The Mediterranean is dark grey and foaming with a ferocity I had not believed it capable. A deafening wind carries pounding horizontal rain and unfortunate pieces of laundry plucked from lines on porches. When the weather is raging like this, you understand why the Greeks chose to build their homes and villages from stone and rock.
On these days, the work of a volunteer is quiet. The water is too rough, with waves breaking twelve feet tall against the pier and the west wind gusting back towards Turkey, New boats packed with refugees do not attempt the journey. For this we are all grateful. In a small rubber raft, there is no surviving this water.
I had never considered how something as profound as the mass-migration of millions of people could be interrupted so totally by something as primitive, as simple, as the weather.
When the waters between Greece and Turkey foam and crash, the days pass slowly. I knew there would be times where the volunteer work was unglamorous: mornings spent sorting clothing in cold warehouses, afternoons picking up trash along the beaches. This organizational work is essential preparation for the busy days, when no one has time to waste tearing through boxes of mixed sized jumpers.
But what I didn’t realize is that on slow days, not everyone can go where they will be useful. Some people have to go to their ten-hour-long shifts at camps that have become ghost towns. You still have your Harbor shift, but spend it waiting at the Captain’s Table in the unlikely event the Coastguard calls. Or you pass the time playing cards with Greek IRC employees just in case there is an arrival on one of their beaches. There won’t be, but protocol demands that we be prepared to respond. Those on night shift from midnight to 7am still bundle up and drive to sleep on cots or floors.
For long-term volunteers, this is a part of the natural order of things. There is always ebb when there is flow. The refugees will come, they say. They always do. But for short-term volunteers—those who have flown here from all over the globe to help for just one or two week— these days are difficult. They pace around the tents, frustrated that they are not being put to use. I feel this too. It is hard to get perspective on something this big when you are touching it with your nose. Some bring a book. Some roll up their sleeves and use the time to reorganize or clean something they want to make better. Some drink. But some itch, and fester. Others start looking for things to do that will carry them away from the island, to Athens, Macedonia, or Turkey.
When people are frustrated, things become dangerous for the organizations. Not simply because people turn inward, annoyed that they are not being managed better by their chosen group, but also because volunteers leave in search of greener pastures. And once a few leave, more follow.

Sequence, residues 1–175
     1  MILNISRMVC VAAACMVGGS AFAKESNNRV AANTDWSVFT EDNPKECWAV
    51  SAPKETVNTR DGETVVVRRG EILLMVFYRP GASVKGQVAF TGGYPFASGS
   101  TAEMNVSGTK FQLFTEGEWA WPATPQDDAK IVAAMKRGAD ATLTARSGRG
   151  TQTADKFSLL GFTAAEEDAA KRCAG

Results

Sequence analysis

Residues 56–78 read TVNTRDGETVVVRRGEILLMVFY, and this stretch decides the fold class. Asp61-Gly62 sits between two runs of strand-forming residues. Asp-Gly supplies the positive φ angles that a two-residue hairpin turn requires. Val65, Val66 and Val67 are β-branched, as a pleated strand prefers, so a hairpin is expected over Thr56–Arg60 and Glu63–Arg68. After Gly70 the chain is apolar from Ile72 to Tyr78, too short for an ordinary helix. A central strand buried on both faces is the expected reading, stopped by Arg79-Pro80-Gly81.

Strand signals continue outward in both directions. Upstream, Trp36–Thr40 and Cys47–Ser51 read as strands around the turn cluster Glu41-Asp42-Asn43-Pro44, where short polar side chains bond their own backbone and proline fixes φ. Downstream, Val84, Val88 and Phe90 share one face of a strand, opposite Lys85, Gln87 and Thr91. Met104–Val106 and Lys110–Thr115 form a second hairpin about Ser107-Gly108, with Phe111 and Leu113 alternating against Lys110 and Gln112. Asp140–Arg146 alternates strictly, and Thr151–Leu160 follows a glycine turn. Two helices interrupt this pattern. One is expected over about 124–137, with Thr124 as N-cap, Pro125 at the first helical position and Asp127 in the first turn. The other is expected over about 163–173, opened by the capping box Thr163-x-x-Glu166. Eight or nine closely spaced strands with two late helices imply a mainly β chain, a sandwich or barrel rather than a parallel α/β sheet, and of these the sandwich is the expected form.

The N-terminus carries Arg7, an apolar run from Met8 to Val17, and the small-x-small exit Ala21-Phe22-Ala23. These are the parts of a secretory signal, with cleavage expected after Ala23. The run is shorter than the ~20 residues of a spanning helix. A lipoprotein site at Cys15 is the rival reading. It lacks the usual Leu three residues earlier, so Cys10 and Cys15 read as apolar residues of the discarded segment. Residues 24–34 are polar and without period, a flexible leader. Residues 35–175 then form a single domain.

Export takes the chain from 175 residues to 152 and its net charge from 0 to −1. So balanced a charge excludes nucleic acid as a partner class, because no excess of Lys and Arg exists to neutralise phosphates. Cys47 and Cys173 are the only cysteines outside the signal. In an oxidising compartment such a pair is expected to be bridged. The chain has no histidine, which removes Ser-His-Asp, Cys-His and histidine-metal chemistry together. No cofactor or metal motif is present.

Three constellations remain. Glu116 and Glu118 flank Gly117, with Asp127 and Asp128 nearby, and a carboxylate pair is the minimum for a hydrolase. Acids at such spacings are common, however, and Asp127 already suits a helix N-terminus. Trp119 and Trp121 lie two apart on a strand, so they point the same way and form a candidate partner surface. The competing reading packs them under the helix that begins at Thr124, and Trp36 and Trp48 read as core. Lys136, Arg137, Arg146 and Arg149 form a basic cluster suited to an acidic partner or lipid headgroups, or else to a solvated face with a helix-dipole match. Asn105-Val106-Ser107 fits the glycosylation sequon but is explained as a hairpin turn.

This is not bad— there are innumerable places that need people willing to sink their teeth in to projects. But fear looms: what will we do when the refugees come back and there is nobody left to work? Because as any volunteer who has been here for a time will tell you, they always do.
As volunteers, expecting so much of the organizations we join is complicated. The groups recruit our help, they ask people to drop everything and come to the island. Those of us fresh out of school have never been a part of an institution that was not designed with our best interests in mind; that isn't structured to take care of us while we work.
The only thing that has been constant about the development of the Lesvos relief effort is rapid change. Relief groups that began as individuals just a few months ago are now hundreds of volunteers, and the groups on the island, Starfish included, are experiencing growing pains as they try to understand this new identity, as well as adapt to what the island needs in an ever-evolving ecosystem of government, police, locals, and international chess matches.
These charities were designed to support refugees, not volunteers, and that is easy to lose sight of then you are playing your 15th round of Gin Rummy in a tent that smells like a gas heater.
When we arrive, enthusiastic about helping and charged on articles we read about the good our organizations have done, it is easy to slide into the rhythm and structure the volunteer groups provide. When we see camps with fully operational, if dysfunctional, structures and processes, we think that they have always been this way.
New volunteers forget that just four months ago, none of this was here. The IRC camp was a goat pasture between two mountains by the beach. Moria was an empty military detention center. The Starfish base was a small tented processing site in the parking lot of a nightclub, OXY, that was still being constructed up until the minute it was dismantled.